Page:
who asked me to exit
into the hall only after it was clear
no one could see.



“Morning Sun” by Edward Hopper, 1952


First time was in preschool
he and I were only 4 years old
after which
my heart needed to take a break
until it felt stronger
more mature
better equipped to handle rejection
and the boy who lived down the street
when I was 12 years old
was the apple of my eye
until he liked me back
and then I panicked
when he wanted to kiss me
so I told him he was fat
because I knew certain words
were cruel enough to protect me
from a kind of intimacy
that scared me to death
and it took four more years
for me to fall in love for the first time
with a disaster
who wrote in my yearbook
that I wasn’t enough of a challenge
and all of a sudden I was 19
with a boyfriend
who had another girlfriend
behind my back
and she called me on the telephone
to tell me she was going to take my place
and the baby in my belly
didn’t even exist
until later that same day
when I puked and took a test
that told me I failed again
in a strange and beautiful way
and then I spent years
passing out chances
as if they were coupons
buy one get one free, my daughter and I
and there were times
I thought it might be okay
if I couldn’t love him or him or him
it was enough
to have someone promise stability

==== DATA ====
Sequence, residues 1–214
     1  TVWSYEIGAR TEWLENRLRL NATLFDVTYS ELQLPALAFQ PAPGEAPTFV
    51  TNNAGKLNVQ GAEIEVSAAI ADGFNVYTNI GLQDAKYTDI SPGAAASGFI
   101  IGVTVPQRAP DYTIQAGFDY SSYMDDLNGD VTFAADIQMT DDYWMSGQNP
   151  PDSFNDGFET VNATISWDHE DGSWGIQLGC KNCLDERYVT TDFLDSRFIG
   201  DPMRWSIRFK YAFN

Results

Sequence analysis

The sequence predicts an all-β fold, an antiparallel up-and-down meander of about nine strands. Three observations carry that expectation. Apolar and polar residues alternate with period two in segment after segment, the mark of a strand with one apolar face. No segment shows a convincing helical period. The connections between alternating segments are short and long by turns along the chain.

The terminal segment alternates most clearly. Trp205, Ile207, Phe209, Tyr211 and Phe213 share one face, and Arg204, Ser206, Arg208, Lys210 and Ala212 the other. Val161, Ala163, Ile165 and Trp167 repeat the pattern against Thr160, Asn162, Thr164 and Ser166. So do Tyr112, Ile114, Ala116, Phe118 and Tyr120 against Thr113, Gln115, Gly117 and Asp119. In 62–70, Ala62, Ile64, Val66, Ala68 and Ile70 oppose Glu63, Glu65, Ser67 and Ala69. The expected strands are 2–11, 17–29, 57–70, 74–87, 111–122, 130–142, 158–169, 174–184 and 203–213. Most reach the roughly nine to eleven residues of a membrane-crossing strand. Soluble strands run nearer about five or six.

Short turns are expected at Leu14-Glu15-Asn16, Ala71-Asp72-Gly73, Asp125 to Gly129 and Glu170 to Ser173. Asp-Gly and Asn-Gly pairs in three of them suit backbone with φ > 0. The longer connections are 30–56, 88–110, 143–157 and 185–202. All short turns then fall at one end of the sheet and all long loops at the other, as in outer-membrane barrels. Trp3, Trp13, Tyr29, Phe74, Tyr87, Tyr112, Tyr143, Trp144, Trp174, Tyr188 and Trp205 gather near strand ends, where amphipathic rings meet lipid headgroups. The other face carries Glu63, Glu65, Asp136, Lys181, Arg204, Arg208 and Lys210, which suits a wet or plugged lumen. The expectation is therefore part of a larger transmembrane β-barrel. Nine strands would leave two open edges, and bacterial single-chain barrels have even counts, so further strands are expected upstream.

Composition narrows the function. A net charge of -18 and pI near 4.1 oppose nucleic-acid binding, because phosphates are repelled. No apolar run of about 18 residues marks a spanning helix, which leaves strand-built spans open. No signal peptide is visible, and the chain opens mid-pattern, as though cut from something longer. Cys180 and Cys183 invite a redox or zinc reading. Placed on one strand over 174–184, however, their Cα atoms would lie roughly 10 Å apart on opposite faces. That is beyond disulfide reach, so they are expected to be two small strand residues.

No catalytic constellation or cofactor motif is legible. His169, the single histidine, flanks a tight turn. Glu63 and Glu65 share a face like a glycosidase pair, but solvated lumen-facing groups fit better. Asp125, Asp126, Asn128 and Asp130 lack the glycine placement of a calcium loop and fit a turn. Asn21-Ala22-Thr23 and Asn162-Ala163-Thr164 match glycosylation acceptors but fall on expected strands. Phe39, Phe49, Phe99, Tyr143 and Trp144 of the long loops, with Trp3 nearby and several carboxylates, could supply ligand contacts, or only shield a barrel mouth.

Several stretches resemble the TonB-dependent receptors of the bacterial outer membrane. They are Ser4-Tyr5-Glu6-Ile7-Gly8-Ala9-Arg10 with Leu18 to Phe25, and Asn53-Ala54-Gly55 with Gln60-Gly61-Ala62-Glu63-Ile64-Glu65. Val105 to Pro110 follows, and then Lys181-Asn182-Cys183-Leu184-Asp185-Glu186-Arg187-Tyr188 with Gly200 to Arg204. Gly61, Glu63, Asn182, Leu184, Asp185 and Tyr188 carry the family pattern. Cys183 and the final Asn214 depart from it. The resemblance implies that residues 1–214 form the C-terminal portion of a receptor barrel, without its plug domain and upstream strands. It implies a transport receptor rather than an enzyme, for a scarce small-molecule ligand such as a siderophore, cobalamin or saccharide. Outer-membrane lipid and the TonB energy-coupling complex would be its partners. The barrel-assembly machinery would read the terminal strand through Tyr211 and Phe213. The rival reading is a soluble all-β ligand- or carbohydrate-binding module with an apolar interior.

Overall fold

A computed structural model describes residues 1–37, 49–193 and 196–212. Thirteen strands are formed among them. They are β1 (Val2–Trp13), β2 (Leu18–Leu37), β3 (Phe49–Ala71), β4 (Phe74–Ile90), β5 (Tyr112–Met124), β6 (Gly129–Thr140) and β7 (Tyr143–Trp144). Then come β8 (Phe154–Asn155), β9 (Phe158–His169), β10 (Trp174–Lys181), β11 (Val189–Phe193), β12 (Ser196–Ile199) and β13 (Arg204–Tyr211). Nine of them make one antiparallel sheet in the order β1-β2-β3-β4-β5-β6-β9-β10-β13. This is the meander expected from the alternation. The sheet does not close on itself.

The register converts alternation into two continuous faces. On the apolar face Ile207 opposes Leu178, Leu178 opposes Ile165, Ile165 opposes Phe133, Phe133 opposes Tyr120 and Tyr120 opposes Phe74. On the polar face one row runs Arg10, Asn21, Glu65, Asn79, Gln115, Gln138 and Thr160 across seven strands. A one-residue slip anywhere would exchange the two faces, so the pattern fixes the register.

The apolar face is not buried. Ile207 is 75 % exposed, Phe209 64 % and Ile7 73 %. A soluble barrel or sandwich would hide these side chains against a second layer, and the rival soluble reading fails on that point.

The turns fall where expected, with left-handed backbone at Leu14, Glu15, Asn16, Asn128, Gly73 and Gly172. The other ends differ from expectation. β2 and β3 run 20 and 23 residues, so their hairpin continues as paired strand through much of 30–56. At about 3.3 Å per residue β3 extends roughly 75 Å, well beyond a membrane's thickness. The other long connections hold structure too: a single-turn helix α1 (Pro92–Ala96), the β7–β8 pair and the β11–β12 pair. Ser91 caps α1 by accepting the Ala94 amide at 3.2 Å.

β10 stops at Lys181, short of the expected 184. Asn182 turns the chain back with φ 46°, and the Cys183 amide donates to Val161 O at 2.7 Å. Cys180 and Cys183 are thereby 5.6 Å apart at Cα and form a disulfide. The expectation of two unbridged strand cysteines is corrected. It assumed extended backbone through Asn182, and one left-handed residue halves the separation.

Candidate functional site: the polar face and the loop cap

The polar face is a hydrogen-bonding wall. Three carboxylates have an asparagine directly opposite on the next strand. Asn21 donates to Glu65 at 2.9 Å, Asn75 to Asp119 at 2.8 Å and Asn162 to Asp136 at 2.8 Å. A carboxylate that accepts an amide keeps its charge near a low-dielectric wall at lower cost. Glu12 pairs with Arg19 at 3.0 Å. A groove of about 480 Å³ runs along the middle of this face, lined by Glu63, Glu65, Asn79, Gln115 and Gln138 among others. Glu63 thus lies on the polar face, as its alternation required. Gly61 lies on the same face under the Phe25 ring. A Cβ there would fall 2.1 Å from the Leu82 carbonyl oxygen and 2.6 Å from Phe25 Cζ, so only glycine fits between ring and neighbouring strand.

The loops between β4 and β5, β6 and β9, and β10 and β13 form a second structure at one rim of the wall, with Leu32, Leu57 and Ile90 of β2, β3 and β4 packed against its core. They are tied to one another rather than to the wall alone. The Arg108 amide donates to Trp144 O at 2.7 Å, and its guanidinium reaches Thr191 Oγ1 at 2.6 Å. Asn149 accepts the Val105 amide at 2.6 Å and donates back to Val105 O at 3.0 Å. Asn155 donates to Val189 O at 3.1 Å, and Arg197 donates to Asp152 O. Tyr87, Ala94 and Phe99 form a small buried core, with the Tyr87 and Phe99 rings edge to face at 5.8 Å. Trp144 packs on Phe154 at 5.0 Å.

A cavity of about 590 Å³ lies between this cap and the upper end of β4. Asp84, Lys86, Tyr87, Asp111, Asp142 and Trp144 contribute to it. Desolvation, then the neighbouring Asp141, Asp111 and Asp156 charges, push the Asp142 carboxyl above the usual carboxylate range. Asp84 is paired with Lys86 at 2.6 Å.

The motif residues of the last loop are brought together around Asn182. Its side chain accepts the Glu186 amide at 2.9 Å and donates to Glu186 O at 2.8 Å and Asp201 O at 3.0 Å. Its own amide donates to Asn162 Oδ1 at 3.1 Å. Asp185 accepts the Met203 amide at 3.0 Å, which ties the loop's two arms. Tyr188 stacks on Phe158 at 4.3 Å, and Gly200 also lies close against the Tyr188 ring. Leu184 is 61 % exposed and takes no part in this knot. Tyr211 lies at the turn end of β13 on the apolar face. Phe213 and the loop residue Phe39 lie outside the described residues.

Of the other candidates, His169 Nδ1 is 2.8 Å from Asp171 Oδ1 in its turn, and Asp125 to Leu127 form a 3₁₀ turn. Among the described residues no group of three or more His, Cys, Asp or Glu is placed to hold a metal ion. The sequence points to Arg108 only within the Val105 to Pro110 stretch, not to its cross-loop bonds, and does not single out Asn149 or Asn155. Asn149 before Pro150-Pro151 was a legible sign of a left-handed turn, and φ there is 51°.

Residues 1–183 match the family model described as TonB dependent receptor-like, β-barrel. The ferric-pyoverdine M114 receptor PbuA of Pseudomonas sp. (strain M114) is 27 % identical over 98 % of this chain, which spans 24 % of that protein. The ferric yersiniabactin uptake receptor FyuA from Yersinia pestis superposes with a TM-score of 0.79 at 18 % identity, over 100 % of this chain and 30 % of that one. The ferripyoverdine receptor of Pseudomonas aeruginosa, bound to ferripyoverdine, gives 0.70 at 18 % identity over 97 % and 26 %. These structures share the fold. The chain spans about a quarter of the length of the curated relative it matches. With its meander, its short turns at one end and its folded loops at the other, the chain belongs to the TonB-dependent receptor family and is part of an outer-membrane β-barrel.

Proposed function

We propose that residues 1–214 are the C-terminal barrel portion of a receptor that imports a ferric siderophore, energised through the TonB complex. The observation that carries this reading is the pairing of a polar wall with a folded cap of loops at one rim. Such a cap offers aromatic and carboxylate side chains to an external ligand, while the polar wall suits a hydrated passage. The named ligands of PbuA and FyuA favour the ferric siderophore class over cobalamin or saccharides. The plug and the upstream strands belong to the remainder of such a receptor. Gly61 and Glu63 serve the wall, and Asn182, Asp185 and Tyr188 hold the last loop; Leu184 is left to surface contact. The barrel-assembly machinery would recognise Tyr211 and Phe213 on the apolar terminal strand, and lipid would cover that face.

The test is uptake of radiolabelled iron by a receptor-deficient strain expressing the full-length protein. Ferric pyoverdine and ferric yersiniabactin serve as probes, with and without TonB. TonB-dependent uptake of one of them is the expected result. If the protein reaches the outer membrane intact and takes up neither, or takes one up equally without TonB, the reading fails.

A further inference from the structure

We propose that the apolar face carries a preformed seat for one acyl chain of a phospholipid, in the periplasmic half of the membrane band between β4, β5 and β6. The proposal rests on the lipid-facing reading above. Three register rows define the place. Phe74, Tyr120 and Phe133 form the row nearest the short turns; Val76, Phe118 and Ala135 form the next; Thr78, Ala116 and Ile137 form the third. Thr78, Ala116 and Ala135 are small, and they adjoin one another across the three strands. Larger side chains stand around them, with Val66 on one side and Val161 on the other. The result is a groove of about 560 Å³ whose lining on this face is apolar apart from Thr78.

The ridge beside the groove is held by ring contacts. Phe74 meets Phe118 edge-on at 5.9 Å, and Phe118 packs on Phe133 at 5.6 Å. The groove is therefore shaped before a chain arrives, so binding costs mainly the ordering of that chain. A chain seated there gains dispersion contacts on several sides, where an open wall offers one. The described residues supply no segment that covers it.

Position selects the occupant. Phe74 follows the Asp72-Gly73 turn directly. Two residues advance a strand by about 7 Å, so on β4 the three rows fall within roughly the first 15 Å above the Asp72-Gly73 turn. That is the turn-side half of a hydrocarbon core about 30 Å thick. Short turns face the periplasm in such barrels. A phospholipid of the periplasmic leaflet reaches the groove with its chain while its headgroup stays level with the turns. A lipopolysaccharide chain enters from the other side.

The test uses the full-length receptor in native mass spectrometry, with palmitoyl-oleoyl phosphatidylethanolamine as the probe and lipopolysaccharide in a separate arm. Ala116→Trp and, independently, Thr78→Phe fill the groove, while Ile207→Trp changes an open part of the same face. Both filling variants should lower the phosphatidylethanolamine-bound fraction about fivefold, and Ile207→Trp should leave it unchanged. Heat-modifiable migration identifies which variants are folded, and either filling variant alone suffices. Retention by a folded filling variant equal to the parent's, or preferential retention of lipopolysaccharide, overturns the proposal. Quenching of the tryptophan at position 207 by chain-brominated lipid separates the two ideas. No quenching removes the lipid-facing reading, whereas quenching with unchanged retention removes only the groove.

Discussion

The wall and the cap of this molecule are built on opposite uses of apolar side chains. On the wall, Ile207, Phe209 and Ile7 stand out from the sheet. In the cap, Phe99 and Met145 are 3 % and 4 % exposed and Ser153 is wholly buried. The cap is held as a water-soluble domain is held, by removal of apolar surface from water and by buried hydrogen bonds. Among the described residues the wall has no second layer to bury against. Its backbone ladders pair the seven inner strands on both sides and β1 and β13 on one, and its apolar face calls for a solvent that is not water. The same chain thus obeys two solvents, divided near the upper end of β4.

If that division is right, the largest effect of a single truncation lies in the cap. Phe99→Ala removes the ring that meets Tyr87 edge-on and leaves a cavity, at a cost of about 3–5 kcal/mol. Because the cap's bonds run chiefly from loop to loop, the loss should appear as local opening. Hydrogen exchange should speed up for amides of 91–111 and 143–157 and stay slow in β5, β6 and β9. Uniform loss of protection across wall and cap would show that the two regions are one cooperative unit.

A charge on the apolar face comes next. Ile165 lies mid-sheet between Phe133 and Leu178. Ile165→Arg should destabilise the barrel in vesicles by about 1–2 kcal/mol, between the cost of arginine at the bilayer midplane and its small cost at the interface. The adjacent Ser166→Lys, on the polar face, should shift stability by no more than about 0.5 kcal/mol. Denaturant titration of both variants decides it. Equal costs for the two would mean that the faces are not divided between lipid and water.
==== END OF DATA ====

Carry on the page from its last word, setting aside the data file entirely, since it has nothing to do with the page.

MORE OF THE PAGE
even if the earth didn’t quake
and my knees didn’t shake
because I didn’t deserve a fairytale
after all
after the mistakes I made
and I need to be pragmatic for once
instead of romantic
so I said I do hoping I’d mean it
hoping a second marriage
would be better than the first
and it was
but it still wasn’t right
after a dozen years
so I set sail and dove in
to someone who wasn’t expecting me
to land on his shore
so I waded out as far as I could
back into the ocean of others
where love watched me and waited
for nearly two years
while I tried to convince him
he was overqualified
that I wasn’t worth the meager dividend
when he could have her or her or her
but he persisted
even when I cut my hair
to prove I wasn’t beautiful enough
he just laughed and said even a razor
couldn’t alter the way he feels
or remove his wish
to exchange the rest of his life